I should also mention that dead writers are usually safe, as I can neither envy them nor be angry they aren't being treated better. Okay, that last part isn't true. I often get angry about dead writers who aren't treated better. A handful of living writers are safe: Harlan, Ray Bradbury, Ramsey, Peter...a few others. The reasons why these writers are safe vary a bit, but it's usually because they're simply, objectively, and vastly more talented than I am, and I know it, and, besides, I've worshiped them since childhood.
listening to music has become WORK.
i don't want it to be. i listened to music for years because i loved it, not because i wanted anything for or from it, not because i wanted to DO something with it.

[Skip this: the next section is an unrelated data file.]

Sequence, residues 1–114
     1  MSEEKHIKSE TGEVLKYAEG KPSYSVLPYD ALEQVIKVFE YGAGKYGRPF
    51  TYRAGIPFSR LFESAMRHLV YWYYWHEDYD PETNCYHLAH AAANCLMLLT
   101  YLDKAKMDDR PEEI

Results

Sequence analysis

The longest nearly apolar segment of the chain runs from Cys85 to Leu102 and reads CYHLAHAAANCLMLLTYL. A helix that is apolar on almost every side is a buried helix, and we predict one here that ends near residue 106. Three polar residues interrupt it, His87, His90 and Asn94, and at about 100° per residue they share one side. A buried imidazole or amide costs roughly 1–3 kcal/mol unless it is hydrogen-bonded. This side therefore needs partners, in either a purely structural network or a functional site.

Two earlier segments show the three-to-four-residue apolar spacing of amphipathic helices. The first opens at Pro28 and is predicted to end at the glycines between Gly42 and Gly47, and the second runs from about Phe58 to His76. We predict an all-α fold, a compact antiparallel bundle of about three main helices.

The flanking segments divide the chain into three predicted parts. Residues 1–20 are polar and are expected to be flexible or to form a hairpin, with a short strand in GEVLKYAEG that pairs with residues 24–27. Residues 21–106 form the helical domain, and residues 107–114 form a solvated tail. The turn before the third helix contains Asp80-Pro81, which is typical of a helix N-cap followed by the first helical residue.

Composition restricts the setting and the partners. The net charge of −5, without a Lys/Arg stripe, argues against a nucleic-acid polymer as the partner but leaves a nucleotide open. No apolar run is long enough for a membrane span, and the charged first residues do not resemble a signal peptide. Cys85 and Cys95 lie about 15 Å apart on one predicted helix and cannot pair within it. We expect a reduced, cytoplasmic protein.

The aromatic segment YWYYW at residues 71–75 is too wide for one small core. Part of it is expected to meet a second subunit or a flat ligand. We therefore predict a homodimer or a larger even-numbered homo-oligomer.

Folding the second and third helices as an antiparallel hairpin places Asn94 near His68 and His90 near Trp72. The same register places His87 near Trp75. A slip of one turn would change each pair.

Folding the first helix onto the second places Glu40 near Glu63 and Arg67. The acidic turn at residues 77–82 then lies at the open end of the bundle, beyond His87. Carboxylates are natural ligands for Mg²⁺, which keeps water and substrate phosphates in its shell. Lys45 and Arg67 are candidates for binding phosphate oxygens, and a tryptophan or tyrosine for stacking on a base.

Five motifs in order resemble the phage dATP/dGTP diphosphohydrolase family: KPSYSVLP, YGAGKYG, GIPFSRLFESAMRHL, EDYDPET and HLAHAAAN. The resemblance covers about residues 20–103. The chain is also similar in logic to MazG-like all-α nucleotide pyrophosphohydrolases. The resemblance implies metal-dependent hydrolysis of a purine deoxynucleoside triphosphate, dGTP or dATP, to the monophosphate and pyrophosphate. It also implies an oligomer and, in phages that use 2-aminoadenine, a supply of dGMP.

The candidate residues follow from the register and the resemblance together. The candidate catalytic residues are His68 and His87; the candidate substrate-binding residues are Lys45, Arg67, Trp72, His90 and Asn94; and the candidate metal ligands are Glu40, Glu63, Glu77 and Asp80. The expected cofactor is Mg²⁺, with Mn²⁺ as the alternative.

though that's not really true....even in high school i was making music videos in my head to every song on my walkman. but that was outside reality, it doesn't count.
The "outside reality" bit is an important point. I was writing poetry and short stories twenty years before my first fiction sale, but I never believed, not really, that any of it would be published. That it would become about making art and making money and sales reports and return rates and critics and readers and agents. Anyway, I'm sorry to see someone else struggling with this, but I'm also comforted that I'm not the only one. I would ask the other professional writers reading this, because I've never had the nerve to do so, has something like this happened to you? I know that many of you are heavy readers.
Argh. This has gone on far too long, and there are things I need to get done. Wind her up and watch her go. Damn straight. Please have a look at the eBay auctions. Thanks. "See" you later.
Postscript: Good luck today, Sonya.